Pioneering the next era of laser satellite communications


NASA's ILLUMA-T payload communicates with the LCRD

NASA’s ILLUMA-T payload communicates with the LCRD via laser signals. Credit: NASA/Dave Ryan

NASA ILLUMA-T will soon be published in International Space StationWith the aim of enhancing laser communications in space. Working with the previously launched LCRD, this system promises faster data transfer rates using infrared light. The ILLUMA-T launch, tests, and demonstrations build on past missions, driving forward NASA’s vision for advanced laser communications in future space endeavours.

NASA uses the International Space Station (ISS)—a football field-sized spacecraft orbiting Earth—to learn more about living and working in space. For more than 20 years, the space station has provided a unique platform for investigation and research in areas such as biology, technology, agriculture, and more. It serves as a home for astronauts conducting experiments, including developing NASA’s space communications capabilities.

NASA ILLUMA-T payload in Goddard's clean room

NASA ILLUMA-T payload in the Goddard cleanroom. The payload will be installed on the International Space Station and higher data rates will be demonstrated by NASA’s Laser Communications Relay demonstration. Credit: Denise Henry

In 2023, NASA will send a technology demonstration known as NASA Low Earth Orbit LCRD User Modem and Speaker Station (ILLUMA-T) to the space station. Together, ILLUMA-T and the Laser Communications Relay Demonstration (LCRD), which launched in December 2021, will complete NASA’s first comprehensive, two-way laser relay system.

With NASA’s ILLUMA-T Satellite communications and navigation (SCaN) The program office will demonstrate the power of laser communications from the space station. Using invisible infrared light, laser communication systems transmit and receive information at higher data rates. With higher data rates, missions can send more images and videos back to Earth in a single transmission. Once installed on the space station, ILLUMA-T will demonstrate the benefits that higher data rates can provide for missions in low Earth orbit.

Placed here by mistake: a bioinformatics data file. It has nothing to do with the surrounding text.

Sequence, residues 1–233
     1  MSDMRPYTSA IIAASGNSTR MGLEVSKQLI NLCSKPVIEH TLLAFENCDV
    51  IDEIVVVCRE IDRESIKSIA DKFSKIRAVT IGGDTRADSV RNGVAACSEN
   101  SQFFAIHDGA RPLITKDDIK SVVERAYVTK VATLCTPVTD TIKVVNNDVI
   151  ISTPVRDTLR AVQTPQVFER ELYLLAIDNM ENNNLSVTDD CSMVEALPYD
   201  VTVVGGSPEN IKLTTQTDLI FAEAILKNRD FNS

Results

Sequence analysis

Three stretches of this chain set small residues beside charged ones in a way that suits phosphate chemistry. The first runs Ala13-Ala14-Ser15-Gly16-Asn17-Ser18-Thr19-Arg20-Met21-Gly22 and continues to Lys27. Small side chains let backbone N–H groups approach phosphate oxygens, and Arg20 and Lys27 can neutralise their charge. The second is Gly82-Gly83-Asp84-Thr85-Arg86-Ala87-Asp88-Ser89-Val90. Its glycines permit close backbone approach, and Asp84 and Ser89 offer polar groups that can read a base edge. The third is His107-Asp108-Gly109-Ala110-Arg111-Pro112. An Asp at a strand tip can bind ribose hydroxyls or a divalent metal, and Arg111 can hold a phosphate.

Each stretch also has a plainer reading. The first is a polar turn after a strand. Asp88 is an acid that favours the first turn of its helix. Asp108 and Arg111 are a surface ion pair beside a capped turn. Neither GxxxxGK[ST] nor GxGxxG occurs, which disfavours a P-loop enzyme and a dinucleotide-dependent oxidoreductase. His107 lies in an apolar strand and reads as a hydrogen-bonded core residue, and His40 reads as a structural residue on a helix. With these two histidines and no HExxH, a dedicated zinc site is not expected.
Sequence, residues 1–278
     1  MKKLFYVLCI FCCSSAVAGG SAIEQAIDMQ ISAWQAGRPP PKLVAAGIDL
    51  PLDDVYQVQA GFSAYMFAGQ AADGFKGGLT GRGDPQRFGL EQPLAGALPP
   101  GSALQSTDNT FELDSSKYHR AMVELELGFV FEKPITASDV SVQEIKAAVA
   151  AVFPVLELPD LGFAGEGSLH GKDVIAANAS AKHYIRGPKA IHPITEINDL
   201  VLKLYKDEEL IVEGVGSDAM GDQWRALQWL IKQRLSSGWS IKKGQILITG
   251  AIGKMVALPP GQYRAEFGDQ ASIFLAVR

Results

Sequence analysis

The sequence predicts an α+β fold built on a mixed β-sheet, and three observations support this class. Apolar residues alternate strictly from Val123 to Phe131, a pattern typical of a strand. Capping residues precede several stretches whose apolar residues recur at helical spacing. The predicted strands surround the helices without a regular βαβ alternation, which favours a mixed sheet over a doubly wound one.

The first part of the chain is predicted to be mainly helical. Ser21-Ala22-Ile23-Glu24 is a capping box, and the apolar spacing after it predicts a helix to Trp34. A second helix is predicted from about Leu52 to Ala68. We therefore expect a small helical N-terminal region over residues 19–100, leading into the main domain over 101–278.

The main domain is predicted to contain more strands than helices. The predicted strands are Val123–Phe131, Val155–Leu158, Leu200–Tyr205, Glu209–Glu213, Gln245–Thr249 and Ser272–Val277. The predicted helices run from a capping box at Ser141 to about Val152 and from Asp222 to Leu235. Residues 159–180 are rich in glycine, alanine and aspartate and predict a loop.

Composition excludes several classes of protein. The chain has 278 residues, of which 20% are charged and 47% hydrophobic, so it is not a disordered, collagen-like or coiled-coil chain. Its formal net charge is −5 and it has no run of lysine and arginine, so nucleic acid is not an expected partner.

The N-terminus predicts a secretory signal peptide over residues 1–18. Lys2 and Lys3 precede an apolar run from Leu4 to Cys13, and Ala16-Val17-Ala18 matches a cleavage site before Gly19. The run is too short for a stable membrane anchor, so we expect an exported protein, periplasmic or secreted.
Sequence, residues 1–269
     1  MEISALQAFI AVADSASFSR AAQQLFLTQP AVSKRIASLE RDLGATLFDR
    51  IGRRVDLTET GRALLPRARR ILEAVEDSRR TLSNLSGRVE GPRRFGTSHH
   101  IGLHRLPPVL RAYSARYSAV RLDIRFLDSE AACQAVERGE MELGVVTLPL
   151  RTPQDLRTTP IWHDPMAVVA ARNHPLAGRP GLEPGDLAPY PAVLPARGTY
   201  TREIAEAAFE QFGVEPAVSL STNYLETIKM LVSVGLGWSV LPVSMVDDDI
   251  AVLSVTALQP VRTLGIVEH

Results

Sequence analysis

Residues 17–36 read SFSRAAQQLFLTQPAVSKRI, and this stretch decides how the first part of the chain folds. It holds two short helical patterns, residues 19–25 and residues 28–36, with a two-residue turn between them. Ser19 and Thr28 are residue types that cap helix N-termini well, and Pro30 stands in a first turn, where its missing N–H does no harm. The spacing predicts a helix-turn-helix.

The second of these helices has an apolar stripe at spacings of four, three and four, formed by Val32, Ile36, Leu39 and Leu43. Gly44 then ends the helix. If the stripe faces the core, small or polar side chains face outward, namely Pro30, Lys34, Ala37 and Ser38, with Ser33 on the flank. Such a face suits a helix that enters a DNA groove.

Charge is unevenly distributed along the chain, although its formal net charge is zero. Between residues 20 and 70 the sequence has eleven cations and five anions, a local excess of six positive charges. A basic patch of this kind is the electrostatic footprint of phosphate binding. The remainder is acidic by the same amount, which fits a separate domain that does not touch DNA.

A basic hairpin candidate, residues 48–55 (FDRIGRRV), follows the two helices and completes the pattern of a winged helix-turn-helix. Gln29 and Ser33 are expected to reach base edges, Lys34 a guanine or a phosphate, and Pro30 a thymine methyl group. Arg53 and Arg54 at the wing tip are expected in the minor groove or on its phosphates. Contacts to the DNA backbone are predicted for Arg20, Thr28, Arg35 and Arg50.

Expert insights and additional benefits

ILLUMA-T photovoltaic module

Close-up of the ILLUMA-T photovoltaic module covered in a protective casing. Credit: NASA/Denise Henry

“Laser communications provide missions with greater flexibility and a quick way to retrieve data from space,” said Badri Younes, former associate deputy administrator for NASA’s SCaN program. “We are incorporating this technology in demonstrations near Earth, on the Moon, and in deep space.”

In addition to higher data rates, laser systems are lighter and use less energy, which is a key advantage when designing spacecraft. ILLUMA-T is about the size of a standard refrigerator and will be attached to an external module on the space station for its LCRD demonstration.

LCRD is currently demonstrating the benefits of a laser relay in geosynchronous orbit — 22,000 miles from Earth — by transmitting data between two ground stations and conducting experiments to improve NASA’s laser capabilities.

“Once ILLUMA-T reaches the space station, the station will send high-resolution data, including images and video, to the LCRD at a rate of 1.2 gigabits per second,” said Matt Magsamin, deputy project manager for ILLUMA-T. Then, data from the LCRD will be transmitted to ground stations in Hawaii and California. This demonstration will show how laser communications can benefit missions in low Earth orbit.

Launch and initial operations

ILLUMA-T is being launched as a payload SpaceXNASA’s 29th Commercial Resupply Services mission. For the first two weeks after launch, ILLUMA-T will be removed from the box of the Dragon spacecraft for installation on the station roof. Convertible Japanese Experience Facility (JEM-EF), also known as “Kibo” – meaning “hope” in Japanese.

After the payload is installed, the ILLUMA-T team will conduct initial tests and on-orbit checks. Once completed, the team will pass the payload’s first light—a critical event as the mission transmits the first laser beam through the optical telescope to the LCRD.

Once first light arrives, laser data and communications experiments will begin and continue for the duration of the planned mission.

NASA's laser communications roadmap

NASA’s Laser Communications Roadmap. Credit: NASA/Dave Ryan

Laser testing in different scenarios

In the future, operational laser communications will complement the radio frequency systems that most space missions use today to send data home. ILLUMA-T is not the first mission to test laser communications in space, but it does bring NASA closer to operational implementation of this technology.

Apart from the LCRD, previous releases include the ILLUMA-T 2022 TeraByte InfraRed Delivery System, which is currently testing laser communications on a small CubeSat in low Earth orbit; the Lunar laser communication demonstrationwhich transmitted data to and from lunar orbit to Earth and back during Mission to explore the lunar atmosphere and dust environment in 2014; and 2017 Lasercomm Sciences Optical PayloadWhich showed how laser communications can speed up the flow of information between Earth and space compared to radio signals.

Goddard's ILLUMA-T team

The Goddard ILLUMA-T team in front of the payload in the cleanroom. Credit: NASA/Denise Henry

Testing the ability of laser communications to produce higher data rates in a variety of scenarios will help the aerospace community improve capability for future missions to the Moon. Marsand deep space.

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